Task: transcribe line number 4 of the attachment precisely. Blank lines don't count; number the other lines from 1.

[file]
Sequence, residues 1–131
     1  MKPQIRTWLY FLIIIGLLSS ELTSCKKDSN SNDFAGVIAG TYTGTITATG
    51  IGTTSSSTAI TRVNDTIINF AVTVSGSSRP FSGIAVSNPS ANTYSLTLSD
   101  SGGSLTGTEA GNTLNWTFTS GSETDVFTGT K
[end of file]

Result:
   101  SGGSLTGTEA GNTLNWTFTS GSETDVFTGT K